A study of Financial Repression, part 5… Sneaking into United States policy

The United States does not have the traditional type of financial repression where savers are household consumers who primarily deposit their savings in banks. And where borrowers are producer firms that primarily borrow at banks. These constraints apply mostly to emerging economies. The key with these constraints is to tie consumption to the return on savings and the cost of borrowing to bank lending rates. In the United States, households have access to a number of different saving options with varying return rates greater than returns on bank savings’ accounts.

Yet, the ultra-low Fed rate has opened up the door for financial repression in terms of savers subsidizing borrowers… To the extent that pension funds are reaching for yield to meet their return obligations. As well, workers are losing their pension funds as companies see that the pension funds are actually subsidizing borrowing. The companies do not want to save for their workers because they do not want to pay the subsidy cost of ultra-low interest rates.

Raising the Fed rate would help to support pension funds. But if the Fed rate stays low for years, many people will be put into extra hardship in their retirement years.

The US government would like to keep the central bank interest rate low. Tax revenues are at historic lows as a percentage of GDP. The government debt will rise as the boomer generation retires. The government debt is still quite large and interest payments on that debt are a concern. A low Fed rate in the style of financial repression would be desirable.

Yet, there are elements of financial repression in the United States…

  • Low labor share has weakened household consumption, as financial repression is designed to do. But since households are not bound to low returns on savings at banks, a low Fed rate does not directly mean low consumption. A falling labor share accomplished in the United States what a low Fed rate could not.
  • Asset prices (housing, stocks) are rising in the face of low consumer inflation. Asset prices benefit from low cost borrowing. This dynamic between inflation in asset prices and low inflation in consumer goods is how financial repression normally manifests.
  • The Federal Reserve has an aggressive policy to inject liquidity into the economy. Yet, why is there no wage or consumer price inflation? Household consumers are not receiving the liquidity for consumption purposes. The money growth is not behaving as it would in a normal financial system. It is behaving as if there was financial repression, where the growth in the supply of money is transferred to borrowers at the expense of consumers… We end up seeing asset price inflation and not consumer goods inflation.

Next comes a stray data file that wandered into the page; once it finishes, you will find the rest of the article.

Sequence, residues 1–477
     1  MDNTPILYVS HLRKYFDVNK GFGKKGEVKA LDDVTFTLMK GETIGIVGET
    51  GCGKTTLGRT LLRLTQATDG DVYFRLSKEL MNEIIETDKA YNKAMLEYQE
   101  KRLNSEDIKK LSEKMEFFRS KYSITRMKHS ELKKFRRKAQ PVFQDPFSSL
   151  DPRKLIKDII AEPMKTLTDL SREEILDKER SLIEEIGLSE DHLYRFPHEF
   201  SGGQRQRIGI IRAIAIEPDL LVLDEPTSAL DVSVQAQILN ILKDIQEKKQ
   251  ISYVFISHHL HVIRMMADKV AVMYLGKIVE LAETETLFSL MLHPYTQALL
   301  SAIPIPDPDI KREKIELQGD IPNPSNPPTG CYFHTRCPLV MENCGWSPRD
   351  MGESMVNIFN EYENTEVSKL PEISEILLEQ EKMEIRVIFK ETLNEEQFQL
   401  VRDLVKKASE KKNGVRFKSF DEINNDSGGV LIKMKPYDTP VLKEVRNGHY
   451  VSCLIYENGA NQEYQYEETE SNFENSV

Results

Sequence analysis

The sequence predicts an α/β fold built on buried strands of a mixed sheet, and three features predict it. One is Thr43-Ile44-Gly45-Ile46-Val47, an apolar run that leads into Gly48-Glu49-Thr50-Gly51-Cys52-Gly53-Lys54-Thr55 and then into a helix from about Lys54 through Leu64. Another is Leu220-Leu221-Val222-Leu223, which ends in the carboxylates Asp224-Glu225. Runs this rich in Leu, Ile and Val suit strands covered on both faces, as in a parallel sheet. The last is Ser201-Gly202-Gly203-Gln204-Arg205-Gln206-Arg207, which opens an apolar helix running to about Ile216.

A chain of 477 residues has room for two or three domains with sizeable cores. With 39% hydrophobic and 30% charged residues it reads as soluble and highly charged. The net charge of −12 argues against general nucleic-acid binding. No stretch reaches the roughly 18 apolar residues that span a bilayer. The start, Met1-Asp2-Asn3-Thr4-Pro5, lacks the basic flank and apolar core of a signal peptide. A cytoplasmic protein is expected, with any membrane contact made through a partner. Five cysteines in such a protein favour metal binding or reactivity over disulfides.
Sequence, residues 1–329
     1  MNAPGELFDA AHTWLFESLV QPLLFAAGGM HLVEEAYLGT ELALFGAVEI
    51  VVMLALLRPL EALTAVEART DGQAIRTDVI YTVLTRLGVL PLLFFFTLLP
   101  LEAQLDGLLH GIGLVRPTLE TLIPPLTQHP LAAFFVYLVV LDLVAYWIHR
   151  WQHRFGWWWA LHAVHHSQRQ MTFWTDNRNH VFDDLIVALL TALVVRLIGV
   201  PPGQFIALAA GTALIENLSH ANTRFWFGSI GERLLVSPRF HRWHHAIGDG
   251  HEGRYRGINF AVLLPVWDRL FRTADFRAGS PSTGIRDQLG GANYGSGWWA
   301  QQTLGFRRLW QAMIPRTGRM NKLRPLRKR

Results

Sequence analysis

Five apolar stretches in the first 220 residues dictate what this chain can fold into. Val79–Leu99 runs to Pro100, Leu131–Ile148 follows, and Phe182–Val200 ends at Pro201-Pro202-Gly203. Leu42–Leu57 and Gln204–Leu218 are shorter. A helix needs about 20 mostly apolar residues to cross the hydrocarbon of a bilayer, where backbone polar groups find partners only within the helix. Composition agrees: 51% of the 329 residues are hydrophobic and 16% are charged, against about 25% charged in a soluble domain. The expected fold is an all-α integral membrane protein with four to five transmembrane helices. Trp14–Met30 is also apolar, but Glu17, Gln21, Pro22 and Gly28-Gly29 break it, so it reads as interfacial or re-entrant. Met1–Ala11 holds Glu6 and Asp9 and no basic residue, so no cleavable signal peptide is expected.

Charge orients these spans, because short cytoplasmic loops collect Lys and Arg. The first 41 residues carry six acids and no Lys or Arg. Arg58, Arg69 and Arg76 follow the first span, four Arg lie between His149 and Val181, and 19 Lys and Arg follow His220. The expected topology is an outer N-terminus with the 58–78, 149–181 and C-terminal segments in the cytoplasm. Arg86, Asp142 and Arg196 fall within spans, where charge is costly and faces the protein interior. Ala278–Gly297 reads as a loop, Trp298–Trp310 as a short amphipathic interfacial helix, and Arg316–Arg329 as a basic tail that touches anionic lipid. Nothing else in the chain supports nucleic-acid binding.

• Obama called for exports to lead economic growth. (source) And… a policy to increase exports benefits from the dynamics of financial repression, namely cheap access to funding and weak domestic demand. Suppressing domestic demand from low labor share and low interest rates raises national savings and lowers labor share costs in order to make US exports more competitive on the global market. There is a dynamic in the United States to simulate financial repression in order to boost export industries.
  • The trade deficit is declining as financial repression in the United States intensifies. We see a report this week that “Exports are 17% above the pre-recession peak and imports are just below the pre-recession peak”. (source Calculated Risk)
  • There has been talk that manufacturing will make a comeback in the United States. The reason is that domestic demand is weaker, national savings are increasing and exports are getting more competitive. Business investment has actually been healthier than expected since the crisis. According to the following graph #1 (see part 2 of series), a positive transfer of funds from net-savers to net-borrowers began around the beginning of 2011. We have been in the area of financial repression for 3 years already. Real private nonresidential fixed investment grew most rapidly in 2011. (see graph #2, FRED chart)

fin repress 2b

Graph #1… Monetary policy enters the area of financial repression when line is positive. 2% seems to be a common limit on the positive side.

fin repress 6

Graph #2… Real private nonresidential fixed investment. Increase in this investment matched interest rate policy entering the area of financial repression in 2011 (see graph #1).

TradeNov2013

Graph #3… Imports slowed down and exports increased in 2011 in coordination with interest rate policy entering the area of financial repression (see graph #1). (source Calculated Risk)

  • The economy is showing signs of heating up as we enter 2014. (source) The dynamics reflect real GDP nearing the natural level of real GDP. As I showed in part 1, when the central bank interest rate is kept low all the way to the natural level of real GDP, financial repression tendencies increase in intensity. My research shows that we currently have a lower natural level of real GDP (potential GDP) around $16 trillion due to a fall in labor share since the crisis. Keeping the Fed rate at the zero lower bound will increase the intensity of financial repression at the moment.

Could it be that the case for secular stagnation is simply a justification for keeping interest rates low and to have a policy of financial repression? It is a dangerous policy because domestic consumer demand would continue to be suppressed. This dynamic is tearing the United States apart.

Larry Summers gives 3 strategies for battling secular stagnation in a “financially sustainable way”… (source)